Wednesday May 31, 2017

Maple Ridge: B.C. town divided by homeless crisis

Ramona Stimpfl is fed up with the homeless shelter and tent city that flank her condominium in Maple Ridge.

Ramona Stimpfl is fed up with the homeless shelter and tent city that flank her condominium in Maple Ridge. (Liz Hoath)

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The closing of a temporary homeless shelter in Maple Ridge, B.C., has heated up a contentious debate over how to address homelessness and addiction in the community. 

The shelter was set up in an old mattress store as a stop-gap measure while the municipal and provincial governments tried to come up with a longer term solution.  The shelter manager says the conditions are not adequate.

'I don't know how people can turn their backs on the most vulnerable members of their own community.' - Ash, shelter manager

"You can see the walls don't go to the ceiling. There's not really anywhere to have deep conversation. There's nowhere to call your dad. Or to cry. Let your guard down," says Ash, the shelter's manager.

"Every day. It's awful. I wouldn't do it, I couldn't do it. It's terrible." 

Ash — whose last name we have agreed to withhold because he fears for his safety — says that residents of the shelter have been attacked.

Tent city

Homeless people in Maple Ridge created a makeshift tent city in an empty green space in the town. (Liz Hoath)

"Cars have been keyed. People hit with pipes, run off the roads with their bicycles. Smoke bombs thrown into the shelter to flush people out," he says.

"I think it's been disgusting. I don't know how people can turn their backs on the most vulnerable members of their own community."  

But other residents of Maple Ridge say they are fed up with the drug use they associate with shelters like these. 

'Every day we are cleaning up needles, drug packets.' - Maple Ridge resident Ramona Stimpfl

Ramona Stimpfl's condominium is located between the homeless shelter and a tent city that sprang up last month in a nearby city park.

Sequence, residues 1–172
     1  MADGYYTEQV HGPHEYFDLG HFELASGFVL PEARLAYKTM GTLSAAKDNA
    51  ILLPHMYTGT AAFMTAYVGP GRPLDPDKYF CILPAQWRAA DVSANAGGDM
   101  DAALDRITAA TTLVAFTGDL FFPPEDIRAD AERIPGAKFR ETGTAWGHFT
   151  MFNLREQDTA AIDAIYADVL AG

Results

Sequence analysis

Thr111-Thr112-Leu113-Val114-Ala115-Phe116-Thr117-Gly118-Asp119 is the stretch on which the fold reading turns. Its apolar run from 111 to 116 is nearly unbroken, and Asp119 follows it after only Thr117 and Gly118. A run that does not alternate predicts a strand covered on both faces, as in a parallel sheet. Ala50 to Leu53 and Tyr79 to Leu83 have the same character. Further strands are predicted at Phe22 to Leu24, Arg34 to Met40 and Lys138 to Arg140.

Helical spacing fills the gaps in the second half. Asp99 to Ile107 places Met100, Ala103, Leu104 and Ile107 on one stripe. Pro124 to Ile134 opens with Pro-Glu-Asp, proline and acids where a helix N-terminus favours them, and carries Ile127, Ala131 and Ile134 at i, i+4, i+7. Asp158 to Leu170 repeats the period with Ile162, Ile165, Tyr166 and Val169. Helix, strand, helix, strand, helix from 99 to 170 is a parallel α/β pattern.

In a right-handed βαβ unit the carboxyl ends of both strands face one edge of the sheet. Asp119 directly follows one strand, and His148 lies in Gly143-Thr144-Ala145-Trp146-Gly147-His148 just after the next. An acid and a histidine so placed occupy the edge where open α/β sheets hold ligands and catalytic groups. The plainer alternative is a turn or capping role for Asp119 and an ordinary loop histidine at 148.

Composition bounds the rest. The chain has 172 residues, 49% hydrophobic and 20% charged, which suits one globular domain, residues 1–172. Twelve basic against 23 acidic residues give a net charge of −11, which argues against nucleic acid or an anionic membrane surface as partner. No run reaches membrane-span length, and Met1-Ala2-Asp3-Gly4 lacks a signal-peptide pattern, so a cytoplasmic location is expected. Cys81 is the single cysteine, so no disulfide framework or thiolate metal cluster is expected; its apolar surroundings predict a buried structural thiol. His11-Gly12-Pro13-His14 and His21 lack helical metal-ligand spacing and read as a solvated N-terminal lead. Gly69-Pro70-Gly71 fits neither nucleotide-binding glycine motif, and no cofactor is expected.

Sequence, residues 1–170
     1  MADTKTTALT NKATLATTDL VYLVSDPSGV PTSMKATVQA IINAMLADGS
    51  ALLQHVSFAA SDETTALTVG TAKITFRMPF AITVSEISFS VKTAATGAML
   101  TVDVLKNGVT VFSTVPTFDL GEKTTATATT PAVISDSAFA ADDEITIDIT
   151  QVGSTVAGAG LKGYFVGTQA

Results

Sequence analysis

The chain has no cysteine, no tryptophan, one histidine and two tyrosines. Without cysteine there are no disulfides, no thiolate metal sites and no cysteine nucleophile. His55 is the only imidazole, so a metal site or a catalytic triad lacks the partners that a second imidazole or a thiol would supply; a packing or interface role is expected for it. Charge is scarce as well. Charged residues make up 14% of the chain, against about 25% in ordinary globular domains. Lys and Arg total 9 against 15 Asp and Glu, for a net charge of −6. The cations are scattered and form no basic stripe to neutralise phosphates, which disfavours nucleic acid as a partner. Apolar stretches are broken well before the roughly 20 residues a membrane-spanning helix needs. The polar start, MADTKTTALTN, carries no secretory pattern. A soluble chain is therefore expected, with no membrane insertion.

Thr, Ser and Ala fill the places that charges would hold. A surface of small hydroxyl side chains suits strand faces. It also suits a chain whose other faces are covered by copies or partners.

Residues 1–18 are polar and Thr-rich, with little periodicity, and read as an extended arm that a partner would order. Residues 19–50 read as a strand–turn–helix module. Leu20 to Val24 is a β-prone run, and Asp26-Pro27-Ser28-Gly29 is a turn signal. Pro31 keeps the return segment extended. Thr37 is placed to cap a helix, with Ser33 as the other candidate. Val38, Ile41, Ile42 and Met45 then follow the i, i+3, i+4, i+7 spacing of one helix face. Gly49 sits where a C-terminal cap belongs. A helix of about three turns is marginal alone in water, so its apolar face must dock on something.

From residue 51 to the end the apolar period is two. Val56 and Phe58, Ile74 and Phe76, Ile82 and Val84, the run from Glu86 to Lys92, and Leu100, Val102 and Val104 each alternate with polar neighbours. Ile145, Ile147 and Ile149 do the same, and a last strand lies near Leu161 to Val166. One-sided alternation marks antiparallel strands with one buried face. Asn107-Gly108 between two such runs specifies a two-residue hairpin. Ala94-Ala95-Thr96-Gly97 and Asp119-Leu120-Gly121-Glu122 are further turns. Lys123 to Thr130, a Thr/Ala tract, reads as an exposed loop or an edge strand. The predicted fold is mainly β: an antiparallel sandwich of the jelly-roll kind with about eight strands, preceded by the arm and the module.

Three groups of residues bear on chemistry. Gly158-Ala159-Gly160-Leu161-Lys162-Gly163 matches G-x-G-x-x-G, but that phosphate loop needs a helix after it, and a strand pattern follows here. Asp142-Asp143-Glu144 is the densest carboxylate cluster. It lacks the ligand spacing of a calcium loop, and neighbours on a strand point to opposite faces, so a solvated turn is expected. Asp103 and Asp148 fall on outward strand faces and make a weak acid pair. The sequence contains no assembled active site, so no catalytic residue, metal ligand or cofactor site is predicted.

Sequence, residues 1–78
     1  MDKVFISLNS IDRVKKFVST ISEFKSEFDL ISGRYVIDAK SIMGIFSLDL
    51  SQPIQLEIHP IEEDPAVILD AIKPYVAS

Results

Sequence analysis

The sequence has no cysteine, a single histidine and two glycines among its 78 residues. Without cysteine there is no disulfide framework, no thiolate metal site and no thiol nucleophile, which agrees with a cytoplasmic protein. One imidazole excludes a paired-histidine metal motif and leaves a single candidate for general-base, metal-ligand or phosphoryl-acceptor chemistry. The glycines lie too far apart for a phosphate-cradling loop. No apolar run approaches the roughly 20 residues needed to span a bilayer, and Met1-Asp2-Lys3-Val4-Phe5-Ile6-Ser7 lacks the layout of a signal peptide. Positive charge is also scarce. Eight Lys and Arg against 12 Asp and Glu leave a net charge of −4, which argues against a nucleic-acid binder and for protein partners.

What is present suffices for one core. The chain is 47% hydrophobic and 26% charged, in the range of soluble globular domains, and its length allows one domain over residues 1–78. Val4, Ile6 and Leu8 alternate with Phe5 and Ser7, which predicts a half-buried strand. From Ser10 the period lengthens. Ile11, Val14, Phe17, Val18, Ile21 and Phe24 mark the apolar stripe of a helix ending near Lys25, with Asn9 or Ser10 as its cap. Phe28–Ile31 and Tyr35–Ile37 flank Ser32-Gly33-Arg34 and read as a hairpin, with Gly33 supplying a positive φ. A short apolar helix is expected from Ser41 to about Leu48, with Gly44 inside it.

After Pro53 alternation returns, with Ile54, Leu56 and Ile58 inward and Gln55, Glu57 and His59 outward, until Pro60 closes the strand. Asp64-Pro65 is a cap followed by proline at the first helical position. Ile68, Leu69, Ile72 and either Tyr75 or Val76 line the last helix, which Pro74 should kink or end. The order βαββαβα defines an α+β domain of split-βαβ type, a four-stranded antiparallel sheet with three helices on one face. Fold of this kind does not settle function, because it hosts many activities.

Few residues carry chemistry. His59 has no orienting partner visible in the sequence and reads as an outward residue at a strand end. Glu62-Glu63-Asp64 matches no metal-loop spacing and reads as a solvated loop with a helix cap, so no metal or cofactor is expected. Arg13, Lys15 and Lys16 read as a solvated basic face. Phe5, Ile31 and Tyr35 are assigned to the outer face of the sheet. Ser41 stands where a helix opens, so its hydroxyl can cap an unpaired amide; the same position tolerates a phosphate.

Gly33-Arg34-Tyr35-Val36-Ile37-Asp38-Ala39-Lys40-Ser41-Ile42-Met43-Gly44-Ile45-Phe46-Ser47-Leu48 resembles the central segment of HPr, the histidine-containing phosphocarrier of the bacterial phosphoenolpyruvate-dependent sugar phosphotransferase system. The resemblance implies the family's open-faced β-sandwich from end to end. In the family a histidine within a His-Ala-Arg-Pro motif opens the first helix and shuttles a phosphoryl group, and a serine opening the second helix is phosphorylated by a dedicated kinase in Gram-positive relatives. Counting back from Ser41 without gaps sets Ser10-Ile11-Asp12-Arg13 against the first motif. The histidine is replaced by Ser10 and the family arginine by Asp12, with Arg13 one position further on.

"Every day we are cleaning up needles, drug packets," she points out. 

Eva Bardonnex

Bardonnex says it is safer to live in a tent city camp because the group takes care of each other. (Liz Hoath)

Maple Ridge is a community of more than 75,000 people about an hour's drive east of Vancouver. The numbers of homeless is increasing across Metro Vancouver. A recent count showed a 30 per cent increase over the numbers in 2014. 

The problem is complicated by the high cost of housing, lack of addiction treatment spaces and treatment for the mentally ill, not to mention the opioid crisis that has gripped the region.

Eva Bardonnex is one of the people living in a tent city. 

She first found herself homeless in January 2015. When the house she was living in was sold, she had nowhere to go and ended up living at the river.  She found housing after living at another tent city camp in Maple Ridge, but was kicked out two months ago after being accused of having too many visitors and not going to counselling. 

Bardonnex is homeless once again, but she says the tent city is better than living at the river. 

Mayor Nicole Read

Maple Ridge Mayor Nicole Read went into hiding last month after RCMP informed her she was in danger. (Nicole Read/Facebook)

"They're watching my stuff when I go out. I don't have to worry about someone ripping things off or cutting up my tent or anything like that ... It's a lot better in a group ... A lot safer," she says.

Last month, Maple Ridge Mayor Nicole Read went into hiding after the RCMP warned her there was a credible threat to her safety. They have not disclosed whether the threat is related to this issue, but the mayor has been the target of anger from Maple Ridge residents who take issue with her support of the homeless in her community. 

"At the end of the day we don't go to the community and ask if we locate a cancer facility in their backyard. They need housing and health-care supports," says Read. 

"As a human being, I've never backed away from these issues — may not be politically expedient. At the end of the day, I have to put my head on the pillow instead of being concerned about being re-elected." 

Listen to this segment at the top of the web post.

This segment was produced by The Current's Liz Hoath and Josh Bloch.